He offer me to stay safely in his place any time I wish.

Then, I go to the discovery of Opals Shop by curiosity, but also to meet the locals ! Pleasantly surprise, several welcome friendly, some, invite me to join them to sit and take tea. Some have also offered me of Opal pendants, appropriate remembrance of the town.

- Vranci Opal shop, Croatia, A kind Man who did a very nice terrace with vegetation that attracts some pretty Honey eater birds :) he wish me welcome in his terrace any time with a nice milk tea :) 

- Peter from the Mobil Service Station was very impressive, enthusiastic and very generous, he give me a lots of energy and encouragement.

- Greek people, lots of  Opal miners/shops from Grece in Coober Pedy.

Coober Pedy,  Antakarinja country

Coober Pedy is an opal mining town located in the harsh Outback of South Australia, some 850 kilometres north of Adelaide and 680 kilometres south of Alice Springs. Coober Pedy is recognised as the largest producer of opal in the world with an estimated 70% of the world's precious opal being mined in the opal fields of the area.

Approximately 150 million years ago the ocean covered the Coober Pedy region. For thousands of years the Antakirinja Matuntjara Yankunytjatjara People belonged to and walked across this area of land. In 1975 the Aboriginal Community adopted the name “Umoona” meaning long life.

The Coober Pedy Precious Stones Field, from which the opal is mined, covers an area of 4,954 square kilometres of which it is estimated that approximately 10% of the total area has been worked.

Today with a population of approximately 3,500, Coober Pedy has one of the most multicultural communities in Australia with an estimated 45 nationalities.

Whilst living conditions were harsh with water and provisions being carted great distances, today the town water supply comes from an underground source 24 kilometres north of town. The water is pumped through an underground pipeline to the water works where it is treated by reverse osmosis.

The Stuart Highway was completed in 1987 and now allows a comfortable yet lengthy drive through Central Australia. Coober Pedy is serviced daily by coach services and 6 days a week with Regional Express Airlines. Tourism and mining are the driving economic forces in the town.

Coober Pedy caters to all and is a place unlike anywhere else.


 The Opal – Coober Pedy’s passion In 1915, the New Colorado Gold Prospecting Syndicate, consisting of a Mr. Jim Hutchison, his 14 year old son William, a Mr. Winch and a Mr. McKenzie had been unsuccessfully prospecting for gold out here in the middle of South Australia. The young lad, Willie had been left in camp to look after their supplies but disobeyed orders and wandered off to search for water around the foothills of a nearby range. There was a degree of apprehension among the men when he failed to turn up after dark. But a short time later, he strode into camp with a grin on his face. Over his shoulder was slung a sugar bag full of opal. Now this was a very fortuitous find for the young William – not only did he come across the opal, but he also discovered something equally as precious out here – a supply of good fresh water. This was on the 1st February 1915 - 8 days later, they pegged the first opal claim.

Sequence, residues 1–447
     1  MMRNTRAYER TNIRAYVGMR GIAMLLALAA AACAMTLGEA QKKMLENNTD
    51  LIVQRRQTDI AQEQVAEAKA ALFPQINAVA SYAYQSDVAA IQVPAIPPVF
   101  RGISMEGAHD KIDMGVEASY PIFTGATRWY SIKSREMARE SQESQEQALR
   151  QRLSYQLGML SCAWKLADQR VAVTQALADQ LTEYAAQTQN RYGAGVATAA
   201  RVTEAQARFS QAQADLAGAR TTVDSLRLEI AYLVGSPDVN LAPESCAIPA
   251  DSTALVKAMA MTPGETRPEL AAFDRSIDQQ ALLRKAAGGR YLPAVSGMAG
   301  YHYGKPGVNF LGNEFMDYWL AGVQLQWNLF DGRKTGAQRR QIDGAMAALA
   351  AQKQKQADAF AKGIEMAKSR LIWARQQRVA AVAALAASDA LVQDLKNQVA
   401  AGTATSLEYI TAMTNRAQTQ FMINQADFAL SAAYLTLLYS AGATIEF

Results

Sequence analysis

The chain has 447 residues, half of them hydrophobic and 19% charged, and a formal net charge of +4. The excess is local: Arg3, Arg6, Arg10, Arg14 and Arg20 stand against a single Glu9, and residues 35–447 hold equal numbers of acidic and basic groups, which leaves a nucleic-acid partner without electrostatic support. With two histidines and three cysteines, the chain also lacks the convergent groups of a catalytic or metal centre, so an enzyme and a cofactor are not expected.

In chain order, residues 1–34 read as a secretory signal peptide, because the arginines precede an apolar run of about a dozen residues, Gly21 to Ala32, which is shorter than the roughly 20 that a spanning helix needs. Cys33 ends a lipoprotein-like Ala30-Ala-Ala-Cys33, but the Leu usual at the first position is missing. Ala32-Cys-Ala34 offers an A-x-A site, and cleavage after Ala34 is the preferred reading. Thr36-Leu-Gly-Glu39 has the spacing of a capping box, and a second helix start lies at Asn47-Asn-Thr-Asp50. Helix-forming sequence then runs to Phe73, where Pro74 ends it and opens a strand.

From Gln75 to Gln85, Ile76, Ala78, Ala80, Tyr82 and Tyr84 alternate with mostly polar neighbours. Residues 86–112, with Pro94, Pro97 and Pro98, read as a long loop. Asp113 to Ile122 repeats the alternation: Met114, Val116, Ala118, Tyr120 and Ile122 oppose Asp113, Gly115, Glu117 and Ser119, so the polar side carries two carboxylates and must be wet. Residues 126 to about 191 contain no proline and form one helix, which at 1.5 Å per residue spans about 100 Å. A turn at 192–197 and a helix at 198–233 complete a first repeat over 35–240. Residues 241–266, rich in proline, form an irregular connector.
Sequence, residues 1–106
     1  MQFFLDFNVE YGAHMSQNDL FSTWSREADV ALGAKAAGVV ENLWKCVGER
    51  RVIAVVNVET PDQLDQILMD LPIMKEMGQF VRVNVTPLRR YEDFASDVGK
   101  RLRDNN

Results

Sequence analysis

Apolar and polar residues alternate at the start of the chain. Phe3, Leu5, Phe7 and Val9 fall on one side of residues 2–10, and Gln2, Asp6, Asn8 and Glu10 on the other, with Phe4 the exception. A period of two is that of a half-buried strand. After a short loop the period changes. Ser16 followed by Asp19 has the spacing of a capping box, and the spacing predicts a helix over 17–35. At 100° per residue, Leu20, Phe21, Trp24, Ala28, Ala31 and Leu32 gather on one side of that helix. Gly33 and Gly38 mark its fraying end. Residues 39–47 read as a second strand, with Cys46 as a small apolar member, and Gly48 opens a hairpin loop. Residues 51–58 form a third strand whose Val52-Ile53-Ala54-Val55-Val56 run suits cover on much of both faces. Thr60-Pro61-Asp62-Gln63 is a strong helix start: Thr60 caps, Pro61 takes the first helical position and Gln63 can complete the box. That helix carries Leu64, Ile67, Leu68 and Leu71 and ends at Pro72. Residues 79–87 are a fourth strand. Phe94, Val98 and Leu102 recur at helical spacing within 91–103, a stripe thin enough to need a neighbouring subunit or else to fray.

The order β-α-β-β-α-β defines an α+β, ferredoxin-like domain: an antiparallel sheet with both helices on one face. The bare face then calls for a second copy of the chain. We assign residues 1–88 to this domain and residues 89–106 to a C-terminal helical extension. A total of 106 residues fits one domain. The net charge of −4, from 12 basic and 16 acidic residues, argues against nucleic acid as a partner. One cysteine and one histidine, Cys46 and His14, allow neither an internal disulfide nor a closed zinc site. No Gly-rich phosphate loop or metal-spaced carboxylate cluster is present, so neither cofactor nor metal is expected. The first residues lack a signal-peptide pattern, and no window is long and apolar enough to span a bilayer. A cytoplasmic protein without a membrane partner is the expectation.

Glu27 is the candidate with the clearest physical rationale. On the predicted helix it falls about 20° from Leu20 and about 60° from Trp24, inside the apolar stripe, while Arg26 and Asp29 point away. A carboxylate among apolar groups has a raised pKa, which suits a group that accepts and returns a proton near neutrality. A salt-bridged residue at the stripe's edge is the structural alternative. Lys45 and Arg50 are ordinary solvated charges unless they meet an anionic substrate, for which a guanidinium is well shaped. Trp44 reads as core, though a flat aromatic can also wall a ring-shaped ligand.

The catalyst for Coober Pedy’s existence had been discovered. Word of the find spread quickly and by the middle of 1916, miners had moved to the area. Young Willie did not live long enough to see the fruits of his discovery. He drowned five years later while driving cattle across the Georgina River, on the Birdsville Track. Construction workers from the trans continental railway, followed by soldiers returning from World War 1 came to the opal fields. They introduced a unique method of living underground in "dugouts". It’s claimed these soldiers, come miners, were used to digging and living in trenches, they knew the advantages to be found in the even cool temperatures of the dugout. Given Coober Pedy is one of the hottest places on earth to live, it only seemed logical. Several major discoveries continued to be made, so in 1920 the local Progress Committee decided that the field should have a proper name.